I entered the City of Gibraltar proper through the tunnel through the rock shown below. It was once the only entrance to Gibraltar, but now there are streets to the right of it built on what I assume is landfill. The streets are crowded with cars and buses. You’ll notice that there is a drawbridge before the tunnel entrance that could once be pulled up to keep out invaders.


Once in town, I stopped at a restaurant for some traditional British fish and chips soaked in malt vinegar. My waitress did not speak good English, and once I realized that, I switched to Spanish to her relief. As I sat at my table, a stout Englishwoman entered and inquired whether the fish and chips were really deep-fried as they are in England. The staff had to hunt someone who spoke enough English to understand and answer her question. As she waited, she explained to me that these days many places start with breaded, frozen pieces of fish and frozen chips (British for French fries) and just pop them into the microwave. Eventually, someone was able to assure her that the restaurant starts with raw fish, dips the pieces in batter, and deep fries them.

Then I started walking uphill, taking an elevator to the Old Town above, and from there, walking up a narrow road into what is called the Nature Reserve. Underway passersby spontaneously gave me directions either in Spanish or English. Everyone who addressed me in English was almost exaggeratedly polite, addressing me as “sir” in every sentence. Apparently traditional English good manners are still alive in Gibraltar.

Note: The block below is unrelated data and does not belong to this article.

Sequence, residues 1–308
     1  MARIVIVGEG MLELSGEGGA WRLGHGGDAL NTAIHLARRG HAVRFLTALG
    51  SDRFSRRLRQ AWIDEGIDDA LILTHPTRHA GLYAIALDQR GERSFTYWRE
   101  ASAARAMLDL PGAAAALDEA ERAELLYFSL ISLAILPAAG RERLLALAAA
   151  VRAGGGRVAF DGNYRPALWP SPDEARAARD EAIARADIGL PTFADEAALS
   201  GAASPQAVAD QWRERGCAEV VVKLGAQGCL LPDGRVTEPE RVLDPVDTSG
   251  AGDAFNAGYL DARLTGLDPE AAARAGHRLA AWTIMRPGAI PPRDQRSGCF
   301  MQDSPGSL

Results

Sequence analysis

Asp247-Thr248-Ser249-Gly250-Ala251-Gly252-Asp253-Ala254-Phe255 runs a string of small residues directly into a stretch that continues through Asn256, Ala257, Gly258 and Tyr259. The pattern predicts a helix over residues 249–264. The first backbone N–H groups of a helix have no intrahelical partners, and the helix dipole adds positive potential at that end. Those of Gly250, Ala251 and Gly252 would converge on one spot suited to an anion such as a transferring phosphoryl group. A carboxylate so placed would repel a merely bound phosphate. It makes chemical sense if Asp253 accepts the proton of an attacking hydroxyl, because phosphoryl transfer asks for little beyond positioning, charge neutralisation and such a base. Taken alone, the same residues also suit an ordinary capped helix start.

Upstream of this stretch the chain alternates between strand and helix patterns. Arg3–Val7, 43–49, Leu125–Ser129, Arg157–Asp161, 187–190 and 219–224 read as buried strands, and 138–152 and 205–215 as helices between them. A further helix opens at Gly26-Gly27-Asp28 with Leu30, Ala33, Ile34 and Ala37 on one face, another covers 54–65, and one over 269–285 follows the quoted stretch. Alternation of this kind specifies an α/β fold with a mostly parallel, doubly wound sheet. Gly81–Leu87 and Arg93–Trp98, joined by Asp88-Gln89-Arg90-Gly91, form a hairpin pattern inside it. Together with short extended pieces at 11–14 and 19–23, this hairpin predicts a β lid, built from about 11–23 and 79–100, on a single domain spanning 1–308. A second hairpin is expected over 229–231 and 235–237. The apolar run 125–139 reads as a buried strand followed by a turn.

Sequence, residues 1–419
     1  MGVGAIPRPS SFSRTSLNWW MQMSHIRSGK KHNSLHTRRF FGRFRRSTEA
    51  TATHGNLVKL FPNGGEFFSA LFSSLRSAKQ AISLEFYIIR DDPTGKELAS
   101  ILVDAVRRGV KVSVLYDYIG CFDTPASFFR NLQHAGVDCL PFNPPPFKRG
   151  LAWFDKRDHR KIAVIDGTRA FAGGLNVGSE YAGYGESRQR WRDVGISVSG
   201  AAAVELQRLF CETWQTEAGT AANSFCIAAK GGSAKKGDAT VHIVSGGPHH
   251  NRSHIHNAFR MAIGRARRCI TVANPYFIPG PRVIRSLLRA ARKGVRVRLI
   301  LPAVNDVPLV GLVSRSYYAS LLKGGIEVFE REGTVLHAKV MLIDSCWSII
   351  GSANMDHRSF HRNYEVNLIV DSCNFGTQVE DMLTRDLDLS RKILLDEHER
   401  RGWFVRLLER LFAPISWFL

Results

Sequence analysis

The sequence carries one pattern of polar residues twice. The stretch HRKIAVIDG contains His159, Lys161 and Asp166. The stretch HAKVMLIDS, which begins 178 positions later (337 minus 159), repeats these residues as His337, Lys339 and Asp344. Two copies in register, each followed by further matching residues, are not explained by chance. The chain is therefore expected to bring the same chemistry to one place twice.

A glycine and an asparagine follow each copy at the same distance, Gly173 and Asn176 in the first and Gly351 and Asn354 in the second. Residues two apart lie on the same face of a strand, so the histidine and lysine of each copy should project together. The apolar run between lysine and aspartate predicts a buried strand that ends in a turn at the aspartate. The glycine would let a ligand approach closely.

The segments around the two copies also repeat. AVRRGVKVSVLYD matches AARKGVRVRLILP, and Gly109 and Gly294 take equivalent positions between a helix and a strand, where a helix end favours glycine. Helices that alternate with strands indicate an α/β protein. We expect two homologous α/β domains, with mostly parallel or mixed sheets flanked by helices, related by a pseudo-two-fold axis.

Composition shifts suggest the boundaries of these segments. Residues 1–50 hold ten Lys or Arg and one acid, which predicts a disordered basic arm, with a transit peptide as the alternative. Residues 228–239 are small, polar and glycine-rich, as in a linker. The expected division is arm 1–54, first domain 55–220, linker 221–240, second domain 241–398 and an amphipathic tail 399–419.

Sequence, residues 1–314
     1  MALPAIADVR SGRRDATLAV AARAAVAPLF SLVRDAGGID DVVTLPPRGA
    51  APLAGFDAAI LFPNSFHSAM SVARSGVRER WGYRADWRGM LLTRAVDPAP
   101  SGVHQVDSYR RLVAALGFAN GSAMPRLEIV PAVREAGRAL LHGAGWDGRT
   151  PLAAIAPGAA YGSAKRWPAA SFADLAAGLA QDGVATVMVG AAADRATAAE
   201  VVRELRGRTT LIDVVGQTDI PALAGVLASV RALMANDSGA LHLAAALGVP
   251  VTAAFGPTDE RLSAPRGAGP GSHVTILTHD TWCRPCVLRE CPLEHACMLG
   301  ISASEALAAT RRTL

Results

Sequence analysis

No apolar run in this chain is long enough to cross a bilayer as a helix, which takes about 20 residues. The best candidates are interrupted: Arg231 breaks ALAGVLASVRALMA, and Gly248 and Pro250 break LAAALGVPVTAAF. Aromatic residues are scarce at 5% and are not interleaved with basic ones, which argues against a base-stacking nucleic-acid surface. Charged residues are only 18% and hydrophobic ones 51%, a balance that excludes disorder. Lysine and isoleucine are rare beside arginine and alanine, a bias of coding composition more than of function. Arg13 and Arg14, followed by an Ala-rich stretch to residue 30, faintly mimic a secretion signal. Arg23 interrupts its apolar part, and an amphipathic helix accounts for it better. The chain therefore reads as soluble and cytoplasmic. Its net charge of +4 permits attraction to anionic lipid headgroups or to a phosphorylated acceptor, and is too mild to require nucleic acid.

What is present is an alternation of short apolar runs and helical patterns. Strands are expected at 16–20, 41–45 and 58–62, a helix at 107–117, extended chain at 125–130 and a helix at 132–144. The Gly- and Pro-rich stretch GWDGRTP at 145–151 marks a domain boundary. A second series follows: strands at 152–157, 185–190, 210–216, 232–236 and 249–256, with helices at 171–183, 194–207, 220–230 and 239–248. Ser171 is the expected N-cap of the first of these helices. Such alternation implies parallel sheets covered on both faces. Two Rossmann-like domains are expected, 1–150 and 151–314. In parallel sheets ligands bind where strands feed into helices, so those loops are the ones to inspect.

I bought a pedestrian’s ticket at the entrance to the Nature Reserve, which the ticket seller explained to me, also in very polite English (many more sirs),  did not entitle me to enter any of the exhibits.

I took a lot of pictures of interesting sights along the way, but I’m only posting a fraction of them to the blog. The one below is the entrance to one of the tunnels that honeycomb the rock. I took the picture through the gate that blocked its entrance. A sign said there were periodic guided tours, and there were people standing nearby apparently waiting for the next one. My ticket did not allow me to enter, so I continued my walk uphill.


The roadway I was walking up was very narrow and only one way. I had to repeated get off the road to let a series of small tour buses and taxis get by. A woman was driving one of the tour buses. The reason that I remark that is that I had not seen a single female bus driver in Spain, although woman bus drivers are common in other European countries.

I was halfway to the top when I came upon a steep, long, and narrow series of staircases leading to the summit. This sign at the bottom gave me pause. I didn’t want to be attacked and bitten by one of those little Macaques or Gibraltar apes. I had been told that they can turn quite nasty when annoyed and do bite. Nevertheless, I started up the first staircase.


I reached the final staircase without having seen any of the apes except for one I could see in the distance cavorting at the very top. Then on the last staircase, I came upon these two huddled together for warmth. By now a heavy, cold rain was falling.

I stopped, took the photograph shown below, and then decided to risk walking past the little buggers. They did look up at me as I went by, but other than that they didn’t move. As you can see, there was not too much room for me to avoid them. After walking past these two, I began to think the animals were pretty benign, which turned out to be the case.


I passed several more small groups of apes huddled together on the staircase before I reached the top, but the reaction from each group was the same. They looked at me suspiciously as I squeezed past, but otherwise they did not budge.